On Thursday, Libya’s government, headed by Prime Minister-designate Fathi Bashagha announced the reopening of the seaport of Derna.
In a statement, Libya’s government said that the port is “now able available to receive ships or tankers, after the removal of legal obstacles,” stressing that the port will “significantly contribute to stimulating trade exchange with other countries.”
The government added that Deputy Prime Minister, Ali Al-Qatrani confirmed that the government was “paying special attention to the city of Derna, and is keen to provide all necessary services to its residents.”
Notably, Libya’s Office of Passports, Nationality, and Foreigners Affairs branch in Derna resumed work in July, after a nearly 12-year hiatus. It was suspended due to extremist groups’ control of the city, before its liberation by the Libyan National Army (LNA).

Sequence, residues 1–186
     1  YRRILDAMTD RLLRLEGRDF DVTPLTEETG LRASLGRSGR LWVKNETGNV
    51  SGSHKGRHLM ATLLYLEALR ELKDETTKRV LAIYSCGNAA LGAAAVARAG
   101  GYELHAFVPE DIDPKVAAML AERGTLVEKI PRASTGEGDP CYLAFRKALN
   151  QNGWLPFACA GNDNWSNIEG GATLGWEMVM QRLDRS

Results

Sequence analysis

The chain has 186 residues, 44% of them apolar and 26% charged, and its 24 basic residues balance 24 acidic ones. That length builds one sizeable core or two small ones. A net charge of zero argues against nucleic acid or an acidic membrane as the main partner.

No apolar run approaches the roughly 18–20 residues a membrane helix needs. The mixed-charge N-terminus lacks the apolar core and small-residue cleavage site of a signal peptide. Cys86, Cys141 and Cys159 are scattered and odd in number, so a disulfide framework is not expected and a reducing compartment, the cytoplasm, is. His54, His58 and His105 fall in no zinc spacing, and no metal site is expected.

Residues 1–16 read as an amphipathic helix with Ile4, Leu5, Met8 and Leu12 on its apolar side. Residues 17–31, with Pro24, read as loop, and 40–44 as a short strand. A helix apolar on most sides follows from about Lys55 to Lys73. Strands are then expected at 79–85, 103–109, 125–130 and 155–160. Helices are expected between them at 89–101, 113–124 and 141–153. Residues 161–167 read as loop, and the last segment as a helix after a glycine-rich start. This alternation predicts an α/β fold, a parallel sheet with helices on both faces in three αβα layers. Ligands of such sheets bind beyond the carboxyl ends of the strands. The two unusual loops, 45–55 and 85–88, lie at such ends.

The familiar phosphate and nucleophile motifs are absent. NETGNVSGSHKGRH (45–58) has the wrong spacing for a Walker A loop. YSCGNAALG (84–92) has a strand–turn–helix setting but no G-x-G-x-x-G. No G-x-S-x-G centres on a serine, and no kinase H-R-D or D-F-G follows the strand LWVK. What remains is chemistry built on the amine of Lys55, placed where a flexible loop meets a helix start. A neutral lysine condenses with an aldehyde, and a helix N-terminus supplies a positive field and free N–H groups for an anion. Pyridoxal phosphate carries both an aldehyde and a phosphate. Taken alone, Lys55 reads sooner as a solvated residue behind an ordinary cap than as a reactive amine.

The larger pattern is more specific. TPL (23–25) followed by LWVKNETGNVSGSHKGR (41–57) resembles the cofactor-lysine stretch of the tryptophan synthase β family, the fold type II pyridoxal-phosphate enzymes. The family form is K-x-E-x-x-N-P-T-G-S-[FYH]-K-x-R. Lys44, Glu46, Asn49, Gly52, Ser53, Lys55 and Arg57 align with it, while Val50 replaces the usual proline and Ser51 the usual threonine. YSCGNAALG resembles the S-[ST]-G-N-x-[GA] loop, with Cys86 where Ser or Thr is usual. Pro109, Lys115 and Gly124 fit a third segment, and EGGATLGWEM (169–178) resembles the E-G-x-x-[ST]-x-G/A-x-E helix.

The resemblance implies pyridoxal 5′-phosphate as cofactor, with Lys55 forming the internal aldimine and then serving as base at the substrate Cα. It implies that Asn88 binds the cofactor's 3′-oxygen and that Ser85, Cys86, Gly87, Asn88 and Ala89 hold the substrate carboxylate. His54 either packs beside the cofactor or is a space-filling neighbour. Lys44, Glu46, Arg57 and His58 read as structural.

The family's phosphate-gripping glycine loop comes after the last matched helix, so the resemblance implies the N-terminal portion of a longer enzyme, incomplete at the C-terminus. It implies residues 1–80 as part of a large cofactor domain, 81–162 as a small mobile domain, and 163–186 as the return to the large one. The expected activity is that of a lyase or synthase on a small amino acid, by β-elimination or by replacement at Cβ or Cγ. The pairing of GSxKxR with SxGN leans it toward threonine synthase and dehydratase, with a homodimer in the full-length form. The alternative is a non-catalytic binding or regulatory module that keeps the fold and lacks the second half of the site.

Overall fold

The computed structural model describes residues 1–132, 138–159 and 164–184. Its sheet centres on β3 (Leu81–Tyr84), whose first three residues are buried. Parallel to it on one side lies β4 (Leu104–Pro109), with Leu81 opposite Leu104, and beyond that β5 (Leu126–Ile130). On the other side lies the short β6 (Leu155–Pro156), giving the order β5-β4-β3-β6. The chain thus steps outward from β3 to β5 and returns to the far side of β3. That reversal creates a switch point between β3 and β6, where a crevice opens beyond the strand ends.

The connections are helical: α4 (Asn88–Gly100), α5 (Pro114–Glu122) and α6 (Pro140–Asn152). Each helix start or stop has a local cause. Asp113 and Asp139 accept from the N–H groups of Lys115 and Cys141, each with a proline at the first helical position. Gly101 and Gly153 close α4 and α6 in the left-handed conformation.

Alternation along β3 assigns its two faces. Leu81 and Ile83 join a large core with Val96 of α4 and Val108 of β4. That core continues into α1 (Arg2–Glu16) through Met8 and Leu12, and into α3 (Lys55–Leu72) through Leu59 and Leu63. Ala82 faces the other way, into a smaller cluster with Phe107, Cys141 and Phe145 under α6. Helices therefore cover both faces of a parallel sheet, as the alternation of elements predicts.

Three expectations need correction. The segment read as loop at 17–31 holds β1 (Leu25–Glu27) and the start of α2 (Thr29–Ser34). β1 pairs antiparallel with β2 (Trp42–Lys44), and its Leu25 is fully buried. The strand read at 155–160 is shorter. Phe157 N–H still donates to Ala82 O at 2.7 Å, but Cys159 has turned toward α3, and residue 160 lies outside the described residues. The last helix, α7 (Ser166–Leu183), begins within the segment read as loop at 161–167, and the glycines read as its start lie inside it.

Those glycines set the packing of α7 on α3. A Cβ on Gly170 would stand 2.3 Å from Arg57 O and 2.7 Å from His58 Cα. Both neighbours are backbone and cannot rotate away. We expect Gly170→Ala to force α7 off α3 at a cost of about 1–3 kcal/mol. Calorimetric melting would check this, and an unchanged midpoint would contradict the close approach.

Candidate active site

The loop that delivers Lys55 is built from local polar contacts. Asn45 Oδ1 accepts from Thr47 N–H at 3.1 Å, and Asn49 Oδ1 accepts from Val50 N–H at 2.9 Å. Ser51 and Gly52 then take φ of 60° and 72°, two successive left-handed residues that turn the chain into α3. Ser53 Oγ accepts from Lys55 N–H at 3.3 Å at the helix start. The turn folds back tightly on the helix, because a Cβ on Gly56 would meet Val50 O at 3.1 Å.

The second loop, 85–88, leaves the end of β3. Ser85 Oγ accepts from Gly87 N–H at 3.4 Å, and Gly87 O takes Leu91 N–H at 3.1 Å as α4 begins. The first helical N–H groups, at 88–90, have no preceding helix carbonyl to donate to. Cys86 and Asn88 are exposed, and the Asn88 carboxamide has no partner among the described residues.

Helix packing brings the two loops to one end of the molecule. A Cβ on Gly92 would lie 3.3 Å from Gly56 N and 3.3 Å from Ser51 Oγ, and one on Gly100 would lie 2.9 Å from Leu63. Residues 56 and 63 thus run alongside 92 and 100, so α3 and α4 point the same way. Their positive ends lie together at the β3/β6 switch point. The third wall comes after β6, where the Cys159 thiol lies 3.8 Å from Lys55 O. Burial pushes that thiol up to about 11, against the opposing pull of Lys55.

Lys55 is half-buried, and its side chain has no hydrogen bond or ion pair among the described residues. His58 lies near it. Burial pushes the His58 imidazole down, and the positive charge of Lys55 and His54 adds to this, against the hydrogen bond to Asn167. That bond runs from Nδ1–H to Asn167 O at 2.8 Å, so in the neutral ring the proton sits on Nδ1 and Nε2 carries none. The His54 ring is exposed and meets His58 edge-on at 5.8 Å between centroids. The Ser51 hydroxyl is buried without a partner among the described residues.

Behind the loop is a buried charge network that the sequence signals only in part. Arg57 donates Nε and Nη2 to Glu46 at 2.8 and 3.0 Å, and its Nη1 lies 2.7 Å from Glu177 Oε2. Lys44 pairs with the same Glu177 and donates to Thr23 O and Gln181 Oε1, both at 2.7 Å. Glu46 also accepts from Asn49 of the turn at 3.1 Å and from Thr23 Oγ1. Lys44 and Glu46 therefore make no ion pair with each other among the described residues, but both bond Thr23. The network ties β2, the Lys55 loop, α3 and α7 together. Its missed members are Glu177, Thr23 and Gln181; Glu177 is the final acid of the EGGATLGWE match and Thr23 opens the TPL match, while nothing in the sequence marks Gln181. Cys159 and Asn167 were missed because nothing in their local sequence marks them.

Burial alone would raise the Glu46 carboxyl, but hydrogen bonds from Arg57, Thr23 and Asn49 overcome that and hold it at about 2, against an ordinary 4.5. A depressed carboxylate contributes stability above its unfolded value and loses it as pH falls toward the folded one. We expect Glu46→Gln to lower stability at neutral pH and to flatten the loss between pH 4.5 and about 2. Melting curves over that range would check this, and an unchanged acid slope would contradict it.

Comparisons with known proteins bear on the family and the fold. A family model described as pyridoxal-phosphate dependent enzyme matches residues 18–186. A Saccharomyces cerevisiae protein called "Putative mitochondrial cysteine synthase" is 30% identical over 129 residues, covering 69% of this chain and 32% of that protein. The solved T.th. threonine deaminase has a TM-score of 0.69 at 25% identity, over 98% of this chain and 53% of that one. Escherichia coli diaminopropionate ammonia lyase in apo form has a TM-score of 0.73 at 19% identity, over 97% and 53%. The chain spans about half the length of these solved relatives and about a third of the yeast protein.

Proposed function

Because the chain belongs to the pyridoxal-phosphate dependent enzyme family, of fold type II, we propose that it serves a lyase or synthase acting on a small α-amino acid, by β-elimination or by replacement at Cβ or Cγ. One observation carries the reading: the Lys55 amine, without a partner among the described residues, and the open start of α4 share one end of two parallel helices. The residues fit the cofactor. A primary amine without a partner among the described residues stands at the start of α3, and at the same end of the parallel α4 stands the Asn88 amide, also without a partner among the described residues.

The Office announced that it had received hundreds of applications from residents for electronic passports. According to the media office of the Passports Department, the working hours would be from 10:00-16:00.
It expressed its hope that citizens “give priority at the present time to those with sick and urgent cases.”
Local residents were required to travel to nearby cities to apply for their travel documents. It took nearly two years to open the Passport Office in the city. This was a joint venture between the local authorities, and businessmen, including Mansour bin Halim and Abbas Shanib.
Libya’s citizens, both inside and outside the country have difficulty obtaining passports. The current waiting period for a new passport is several months, and can even take years. A special national ID number is required to activate a passport, with some people refusing travel if the number is not activated.
Libya is politically torn between Fathi Bashagha, who was elected by the Libyan Parliament to lead the country in February, and the Prime Minister of the Government of National Unity (GNU) Abdel-Hamid Dbaiba, who refuses to relinquish power.
Tensions have been rising for months in Libya as the two Prime Ministers vie for power; rising fears of renewed conflict two years after a landmark truce.